Alaska Sandhill Crane 2021

The seasons of Millie and Roy (1996-2016)      

Millie and Roy hatched 14 colts and fledged 8.

Millie and Roy's nesting seasons


The first hatch was in 2002 and again in 2003, but the tiny hatchlings disappeared in the first two weeks.

Although two eggs hatched in 2004, 2006, 2009, and 2010, only one hatchling survived through the summer to migrate south with Roy & Millie.

Do dominant crane colts kill their twin siblings?

Twin crane colts are often observed in the early summer on nest territories, but twins are less common in the fall on migratory staging areas. To explain the loss of the second hatchling, many biologists have suggested siblicide. In eagles, sibling fighting is commonly observed and often the larger stronger eaglet dispatches the weaker one.

We think the inference drawn from eagle biology is not appropriate for cranes. Death of one of Millie and Roy's colts was never corrrelated with bullying. When a crane colt died, it was upsetting to the crane family. Likewise James Layne, who studied nesting cranes day-by-day through an entire field season in Florida, saw no sustained in-fighting between twin colts.

Our search of the scientific literature has yielded no direct observations of Sandhill colt siblicide in nature. There are well-documented reports of colts killing one another in wildlife farms, where crane eggs are hatched in an incubator and the colts raised packed together(like baby chickens) in dense flocks. But such hatchery flocks of crane colts are unnatural. In the wild, crane colts are singlets or in pairs.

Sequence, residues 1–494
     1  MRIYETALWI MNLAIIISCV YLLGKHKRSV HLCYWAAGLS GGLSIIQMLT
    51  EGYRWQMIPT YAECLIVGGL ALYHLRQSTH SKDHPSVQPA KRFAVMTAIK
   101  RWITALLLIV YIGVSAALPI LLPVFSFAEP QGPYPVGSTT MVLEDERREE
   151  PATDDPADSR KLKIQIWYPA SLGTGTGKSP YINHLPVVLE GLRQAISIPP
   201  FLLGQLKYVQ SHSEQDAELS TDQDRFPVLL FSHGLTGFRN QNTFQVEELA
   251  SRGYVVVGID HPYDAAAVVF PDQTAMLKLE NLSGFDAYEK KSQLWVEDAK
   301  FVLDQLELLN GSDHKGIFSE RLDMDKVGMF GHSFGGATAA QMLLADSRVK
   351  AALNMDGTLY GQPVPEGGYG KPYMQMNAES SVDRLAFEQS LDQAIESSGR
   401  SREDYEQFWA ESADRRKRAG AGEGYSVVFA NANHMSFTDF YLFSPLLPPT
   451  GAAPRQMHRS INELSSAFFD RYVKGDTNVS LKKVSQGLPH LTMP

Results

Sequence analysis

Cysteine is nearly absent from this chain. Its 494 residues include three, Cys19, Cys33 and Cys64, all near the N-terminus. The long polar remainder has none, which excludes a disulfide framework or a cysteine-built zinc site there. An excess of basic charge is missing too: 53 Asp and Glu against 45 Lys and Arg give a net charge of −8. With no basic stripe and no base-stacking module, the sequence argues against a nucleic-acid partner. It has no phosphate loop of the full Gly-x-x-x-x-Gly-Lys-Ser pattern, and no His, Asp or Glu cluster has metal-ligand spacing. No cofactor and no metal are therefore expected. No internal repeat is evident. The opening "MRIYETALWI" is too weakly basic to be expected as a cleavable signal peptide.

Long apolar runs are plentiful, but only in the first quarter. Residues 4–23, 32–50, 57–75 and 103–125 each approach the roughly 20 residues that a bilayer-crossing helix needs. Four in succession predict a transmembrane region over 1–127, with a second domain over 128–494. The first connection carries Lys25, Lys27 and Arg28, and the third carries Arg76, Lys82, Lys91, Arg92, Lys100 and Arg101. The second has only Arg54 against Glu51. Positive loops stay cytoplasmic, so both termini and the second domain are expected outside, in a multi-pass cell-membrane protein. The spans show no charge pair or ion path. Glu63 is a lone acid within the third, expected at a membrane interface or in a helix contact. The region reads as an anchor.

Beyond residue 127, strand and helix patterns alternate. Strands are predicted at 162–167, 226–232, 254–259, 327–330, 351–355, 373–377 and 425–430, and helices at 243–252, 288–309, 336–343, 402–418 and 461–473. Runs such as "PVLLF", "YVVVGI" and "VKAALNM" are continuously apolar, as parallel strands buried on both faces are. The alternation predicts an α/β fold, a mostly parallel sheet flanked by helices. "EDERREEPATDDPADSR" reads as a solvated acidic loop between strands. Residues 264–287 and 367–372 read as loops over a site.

In the absence of direct evidence of siblicide in the wild, we doubt that crane siblicide is common in nature. If you have seen crane siblicide in the wild, please email us. We will distribute your report on this website.


In the summers from 1996 through 1998, we noticed two cranes feeding around the pond and defending the nest territory from other intruding cranes. In 1999 and 2000, cranes were present for a week or more but we saw no nest.

In 2001, a pair of cranes (perhaps Millie and Roy) made a nest in early May. They were chased off by a fox on June 10 and abandoned the nest (perhaps plundered by the fox). The cranes remained at the pond for most of the summer. They were dive-bombed mercilessly by several pairs of nesting mew gulls and wandering Bonaparte's gulls.

In 2002, the pair erturned in early May and nested. A face-off between crane and fox took place in mid-May. Nest defense was successful that year, since we spotted a small crane colt in mid-June. The Mew Gulls and Bonaparte's Gulls harassed the crane family as they wandered about the marsh. At the end of June, the colt had disappeared.

In 2003, a colt survived long enough to develop wing feathers and a bustle, and to flap its wings as it ran about. In early August, the colt disappeared.

Peter Pan & Woodstock-04

In 2004, Christy began to keep a diary of daily observations and to photograph daily the cranes on our cranberry bog. After carefully comparing her images over the succeeding years, we believe that the individual birds we know as Millie & Roy have nested here every summer from 2004 through 2016. If they were the pair who nested here from 1996 onward, their chronicle on these pages spans 22 years.

In 2004, 6.7 million acres of forest burned in Alaska and for much of the summer, the sky was dark with smoke. Millie and Roy hatched twin colts who we named Woodstock and Peter Pan.
Woodstock was smaller throughout the summer and he did not fledge. In late August Woodstock was lethargic, lying down frequently with his head under his wing. In the photograph to the right, taken the day before Woodstock died, Peter Pan is behind, peering at Woodstock.